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The Influence of Nitrogen on Straw Decomposition in the Field and Laboratory

Smith, J.H. (1969) The Influence of Nitrogen on Straw Decomposition in the Field and Laboratory. pp. 77-82. In: Proc. 8th Ann. Wash. State Potato Conf. USA-WA-Moses Lake, 1969/02.

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Abstract

Decomposition of straw and other organic materials in soil is carried out by many living organisms. One pound of a fertile agricultural soil may contain as many as 4. 5 billion bacteria, 900 million actinomycetes, 50 million fungi, and 10 million algae. Most of these organisms are beneficial, although a few are pathogenic and cause disease to plants. All of these organisms require certain nutrients and growth factors for their growth and reproduction. For instance the temperature must be in the range of about 50 to 100° F. and moisture in the range of 60 to 80% of field capacity for rapid microbial growth. They must have energy and this is generally obtained from some carbohydrate source such as dead plant material. Most of the organisms require air and several nutrients such as nitrogen, phosphorus, calcium, potassium, sulfur, iron and trace elements as well as carbon, hydrogen and oxygen (1). These nutrients and conditions are generally found in soils in which crops will grow. Occasionally nitrogen may be deficient enough to limit growth of organisms and limit straw decomposition.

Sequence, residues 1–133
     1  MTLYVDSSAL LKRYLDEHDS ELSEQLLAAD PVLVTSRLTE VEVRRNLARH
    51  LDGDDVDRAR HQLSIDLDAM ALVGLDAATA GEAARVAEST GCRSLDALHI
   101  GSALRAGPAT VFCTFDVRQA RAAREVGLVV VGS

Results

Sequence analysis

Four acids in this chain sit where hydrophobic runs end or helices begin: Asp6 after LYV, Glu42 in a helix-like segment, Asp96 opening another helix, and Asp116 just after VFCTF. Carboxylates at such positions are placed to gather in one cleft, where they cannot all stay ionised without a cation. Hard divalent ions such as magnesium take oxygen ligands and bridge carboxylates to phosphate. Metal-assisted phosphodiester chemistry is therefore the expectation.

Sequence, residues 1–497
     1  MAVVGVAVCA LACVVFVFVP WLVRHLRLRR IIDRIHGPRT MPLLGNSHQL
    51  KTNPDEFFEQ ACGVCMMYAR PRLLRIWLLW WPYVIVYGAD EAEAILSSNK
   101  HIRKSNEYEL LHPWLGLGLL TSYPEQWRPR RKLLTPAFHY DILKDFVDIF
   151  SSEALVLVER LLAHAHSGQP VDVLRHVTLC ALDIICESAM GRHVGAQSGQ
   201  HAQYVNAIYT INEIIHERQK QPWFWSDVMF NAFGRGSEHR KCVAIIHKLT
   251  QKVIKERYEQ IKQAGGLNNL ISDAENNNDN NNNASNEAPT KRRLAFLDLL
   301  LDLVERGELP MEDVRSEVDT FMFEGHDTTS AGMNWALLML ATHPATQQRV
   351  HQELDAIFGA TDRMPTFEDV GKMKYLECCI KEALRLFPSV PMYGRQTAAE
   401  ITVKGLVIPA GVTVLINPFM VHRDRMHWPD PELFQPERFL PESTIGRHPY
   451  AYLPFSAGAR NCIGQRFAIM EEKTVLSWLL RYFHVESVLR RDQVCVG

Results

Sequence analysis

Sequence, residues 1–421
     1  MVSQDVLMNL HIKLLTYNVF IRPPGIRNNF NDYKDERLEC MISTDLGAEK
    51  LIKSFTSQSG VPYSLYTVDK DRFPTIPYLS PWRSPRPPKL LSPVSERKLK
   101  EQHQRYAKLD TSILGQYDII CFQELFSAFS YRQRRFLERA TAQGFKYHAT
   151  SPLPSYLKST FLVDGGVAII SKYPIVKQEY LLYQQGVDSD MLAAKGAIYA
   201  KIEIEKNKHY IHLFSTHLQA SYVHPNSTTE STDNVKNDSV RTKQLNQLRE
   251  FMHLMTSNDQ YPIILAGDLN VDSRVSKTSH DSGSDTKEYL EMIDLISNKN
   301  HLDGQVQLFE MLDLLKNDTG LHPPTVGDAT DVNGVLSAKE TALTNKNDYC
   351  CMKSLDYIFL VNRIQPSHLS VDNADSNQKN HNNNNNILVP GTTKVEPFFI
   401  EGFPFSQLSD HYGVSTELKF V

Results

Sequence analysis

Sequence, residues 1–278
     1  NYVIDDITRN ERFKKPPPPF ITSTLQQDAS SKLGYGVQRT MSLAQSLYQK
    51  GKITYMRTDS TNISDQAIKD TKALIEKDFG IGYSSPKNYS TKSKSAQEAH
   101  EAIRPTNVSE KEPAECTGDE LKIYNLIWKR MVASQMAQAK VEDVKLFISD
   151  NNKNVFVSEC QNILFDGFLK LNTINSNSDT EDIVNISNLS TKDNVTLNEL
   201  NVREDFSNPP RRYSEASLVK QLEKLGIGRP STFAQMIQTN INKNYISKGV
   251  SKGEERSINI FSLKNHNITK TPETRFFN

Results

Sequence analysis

Item Type: Conference or Workshop Item (Paper)
NWISRL Publication Number: 0143
Subjects: Mass Import - unclassified
Depositing User: Dan Stieneke
Date Deposited: 20 Nov 2010 21:56
Last Modified: 10 Mar 2017 23:29
Item ID: 969
URI: https://eprints.nwisrl.ars.usda.gov/id/eprint/969

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